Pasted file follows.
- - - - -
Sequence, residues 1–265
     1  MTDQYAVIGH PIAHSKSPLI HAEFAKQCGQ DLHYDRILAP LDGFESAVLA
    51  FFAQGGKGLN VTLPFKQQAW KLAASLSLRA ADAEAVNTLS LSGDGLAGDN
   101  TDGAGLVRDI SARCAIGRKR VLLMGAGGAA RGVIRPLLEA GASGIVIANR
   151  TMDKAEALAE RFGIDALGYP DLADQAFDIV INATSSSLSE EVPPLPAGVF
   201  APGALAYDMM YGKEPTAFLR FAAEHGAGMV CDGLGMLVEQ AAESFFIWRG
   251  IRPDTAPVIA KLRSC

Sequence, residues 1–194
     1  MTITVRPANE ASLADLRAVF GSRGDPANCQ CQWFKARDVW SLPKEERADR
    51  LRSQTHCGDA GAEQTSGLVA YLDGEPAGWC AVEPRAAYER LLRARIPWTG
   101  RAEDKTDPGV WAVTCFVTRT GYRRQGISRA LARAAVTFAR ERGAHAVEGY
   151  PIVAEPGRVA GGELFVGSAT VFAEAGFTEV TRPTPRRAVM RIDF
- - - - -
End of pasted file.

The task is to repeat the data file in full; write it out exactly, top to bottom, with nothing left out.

Sequence, residues 1–265
     1  MTDQYAVIGH PIAHSKSPLI HAEFAKQCGQ DLHYDRILAP LDGFESAVLA
    51  FFAQGGKGLN VTLPFKQQAW KLAASLSLRA ADAEAVNTLS LSGDGLAGDN
   101  TDGAGLVRDI SARCAIGRKR VLLMGAGGAA RGVIRPLLEA GASGIVIANR
   151  TMDKAEALAE RFGIDALGYP DLADQAFDIV INATSSSLSE EVPPLPAGVF
   201  APGALAYDMM YGKEPTAFLR FAAEHGAGMV CDGLGMLVEQ AAESFFIWRG
   251  IRPDTAPVIA KLRSC

Sequence, residues 1–194
     1  MTITVRPANE ASLADLRAVF GSRGDPANCQ CQWFKARDVW SLPKEERADR
    51  LRSQTHCGDA GAEQTSGLVA YLDGEPAGWC AVEPRAAYER LLRARIPWTG
   101  RAEDKTDPGV WAVTCFVTRT GYRRQGISRA LARAAVTFAR ERGAHAVEGY
   151  PIVAEPGRVA GGELFVGSAT VFAEAGFTEV TRPTPRRAVM RIDF